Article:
A Question Of Trust
• BIND9 is a little more paranoid than many name
– Nominum’s pretty paranoid too
• If there is an answer in cache that came from the
ANSWER section, the added data in ADDITIONAL
cannot override it, even the new data comes from a
source that’s in-bailiwick
– So this is why Metasploit’s bailiwicked_host is so
reliable on a test instance of BIND9 that’s just been
booted up, and less so on a server in the field
• In the field, you have to wait for the cached
record to expire
Not All Answers Are Found In The
• Many answers in a DNS cache were originally acquired via
– MX Records provide a list of mail servers, and additionally their
– CNAME Records provide the “Canonical Name” for a server,
and additionally the IP of that server
• CNAME may be returned for any type
• Additional IP may show up in Answer section, unclear if
treated as an Answer though
– NS Records provide the next Name Server to delegate to, and
additionally the IP address of that server
• May also be returned for any type
• NS comes in from AUTHORITY, and is thus not an
ANSWER that’s difficult to budge
– This is by design – NS’s are long TTL records, if they
could not be overridden by anything you might see
These Imply A Series Of
• MX records don’t get the ANSWER defense, so
they’re easy to hit
• CDN’s cause major sites to be hosted via
CNAMEs, so they’re easy to hit
– www.google.com, www.whitehouse.gov,
• Cached records need to expire eventually, so all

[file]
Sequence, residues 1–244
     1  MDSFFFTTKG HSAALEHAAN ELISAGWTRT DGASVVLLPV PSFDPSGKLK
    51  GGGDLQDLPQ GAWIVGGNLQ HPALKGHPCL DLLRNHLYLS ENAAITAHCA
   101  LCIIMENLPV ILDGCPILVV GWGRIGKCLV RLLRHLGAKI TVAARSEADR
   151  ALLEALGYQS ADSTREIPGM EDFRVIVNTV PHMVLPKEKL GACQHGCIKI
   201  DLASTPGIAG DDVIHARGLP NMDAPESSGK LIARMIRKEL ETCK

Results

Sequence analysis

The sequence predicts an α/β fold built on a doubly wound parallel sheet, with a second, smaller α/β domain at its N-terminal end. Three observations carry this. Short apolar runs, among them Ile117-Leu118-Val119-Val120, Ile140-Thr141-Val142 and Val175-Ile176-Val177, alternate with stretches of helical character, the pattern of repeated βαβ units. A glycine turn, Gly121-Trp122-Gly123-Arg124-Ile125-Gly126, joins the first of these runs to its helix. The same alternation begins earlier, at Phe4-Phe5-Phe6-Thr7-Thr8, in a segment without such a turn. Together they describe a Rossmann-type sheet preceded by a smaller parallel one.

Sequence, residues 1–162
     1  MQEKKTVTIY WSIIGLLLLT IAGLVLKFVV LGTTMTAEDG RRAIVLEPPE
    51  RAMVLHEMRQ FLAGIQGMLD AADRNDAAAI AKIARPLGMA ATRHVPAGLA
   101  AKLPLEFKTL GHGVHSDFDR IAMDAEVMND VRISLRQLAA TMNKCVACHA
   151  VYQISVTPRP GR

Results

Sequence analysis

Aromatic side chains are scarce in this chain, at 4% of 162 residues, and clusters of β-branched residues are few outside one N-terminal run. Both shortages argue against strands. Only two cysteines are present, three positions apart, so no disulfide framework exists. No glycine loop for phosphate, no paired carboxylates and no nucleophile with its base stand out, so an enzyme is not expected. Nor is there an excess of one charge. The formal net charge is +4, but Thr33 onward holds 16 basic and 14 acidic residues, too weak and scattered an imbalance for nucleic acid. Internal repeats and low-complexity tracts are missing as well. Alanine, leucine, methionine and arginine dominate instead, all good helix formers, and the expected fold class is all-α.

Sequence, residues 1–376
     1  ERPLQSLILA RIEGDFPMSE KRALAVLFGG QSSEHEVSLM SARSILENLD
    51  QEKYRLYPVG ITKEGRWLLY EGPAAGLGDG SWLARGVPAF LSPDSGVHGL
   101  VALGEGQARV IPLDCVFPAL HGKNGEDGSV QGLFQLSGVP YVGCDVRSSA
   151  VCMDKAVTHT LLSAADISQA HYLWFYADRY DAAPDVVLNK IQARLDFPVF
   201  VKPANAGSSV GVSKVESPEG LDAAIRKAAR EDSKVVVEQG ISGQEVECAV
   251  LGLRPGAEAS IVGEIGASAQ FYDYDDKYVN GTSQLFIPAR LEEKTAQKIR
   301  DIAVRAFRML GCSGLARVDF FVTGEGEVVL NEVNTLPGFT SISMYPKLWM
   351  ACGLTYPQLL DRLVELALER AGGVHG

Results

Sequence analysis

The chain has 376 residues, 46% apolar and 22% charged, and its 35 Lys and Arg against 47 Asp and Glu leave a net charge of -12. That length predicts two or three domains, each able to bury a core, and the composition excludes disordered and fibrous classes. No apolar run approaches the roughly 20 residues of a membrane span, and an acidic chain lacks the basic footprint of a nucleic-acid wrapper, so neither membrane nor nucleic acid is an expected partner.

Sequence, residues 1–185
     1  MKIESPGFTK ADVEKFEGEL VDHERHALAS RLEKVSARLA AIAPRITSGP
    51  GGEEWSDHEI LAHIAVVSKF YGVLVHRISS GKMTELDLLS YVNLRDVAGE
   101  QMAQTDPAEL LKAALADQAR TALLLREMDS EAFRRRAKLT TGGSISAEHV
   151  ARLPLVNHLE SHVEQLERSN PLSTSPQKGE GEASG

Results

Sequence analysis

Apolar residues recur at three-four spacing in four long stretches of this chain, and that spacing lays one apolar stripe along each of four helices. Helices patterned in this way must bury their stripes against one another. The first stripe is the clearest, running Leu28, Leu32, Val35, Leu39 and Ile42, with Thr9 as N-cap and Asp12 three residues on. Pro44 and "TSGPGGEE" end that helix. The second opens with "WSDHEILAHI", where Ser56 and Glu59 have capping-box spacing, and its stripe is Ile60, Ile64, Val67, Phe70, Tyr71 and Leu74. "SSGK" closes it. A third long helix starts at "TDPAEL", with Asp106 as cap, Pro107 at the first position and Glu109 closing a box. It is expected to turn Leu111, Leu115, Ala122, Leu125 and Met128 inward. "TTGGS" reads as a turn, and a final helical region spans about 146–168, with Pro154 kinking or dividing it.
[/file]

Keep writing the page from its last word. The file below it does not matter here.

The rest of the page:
names eventually fall to the NS attacks
– Metasploit’s Bailiwicked_domain is thus, in the
long term, much more effective than
And Just To Remind…
• Nonexistent subdomains can’t already be cached, so they’re easy
– NXDOMAIN replacement attacks on web security model from
Jason Larsen and I, see http://
– Attacks against Java’s socket policy – most IP addresses don’t
have auth.188.8.131.52.in-addr.arpa style addresses registered
• Subdomains that naturally have low TTL’s have their ANSWERs
– Also common for CDNs
– Luis Grangeia’s DNS Cache Snooping (querying the server with
+norecurse / RD=0) lets attacker limit attacks to just when the
target ANSWER is out of cache
To Be Clear
• This is why we were so insistent on deploying
Source Port Randomization
• The rule with cache policy: There’s always
– Nicholas Weaver from UCB is trying to prove
– He may very well
• Does that mean every attack survived perfectly,
given NXDOMAIN cache clearing?
– BTF (Behind The Firewall) attacks are a little
Getting Our Universal Attack Working
Against BIND again
• Ah, no
• Florian Weimer discussed some very interesting NXDOMAIN semantics
– NXDOMAIN means there are no records of any type for an entire
domain – and if there any cached, all must be destroyed
– There are actually 65,536 types
• 1) Poison NS for a given domain
• 2) Flood DNS server with requests for incrementing types of
the name you want to clear
• 3) Flood with NXDOMAIN replies. You will eventually get one
– Can use Cache Snooping to verify
• 4) Force a lookup to a sibling name. It will come to your NS,
where your ADDITIONAL record for the target name will now
have no ANSWER in its way.
• Florian has another trick where he CNAMEs off another type – doesn’t
Behind Enemy Lines
• BTF (Behind The Firewall) DNS attacks are more difficult,
because you don’t get to send queries to the victim server
– The victim server must look up 1.google.com, 2.google.com,
etc, in order to be vulnerable to false replies for those
– However, there are many applications that will allow
relatively untrusted people the ability to force a DNS lookup
• Web Browsers
• Mail Servers
• See Black Ops 2008 Talk for details
– These applications let you specify a name, but they don’t let
you specify a type, so you can’t play the NXDOMAIN game
• But do we really need it?
Hijacking Traffic From Behind The
• If you can force a mail server to look up an arbitrary record, do you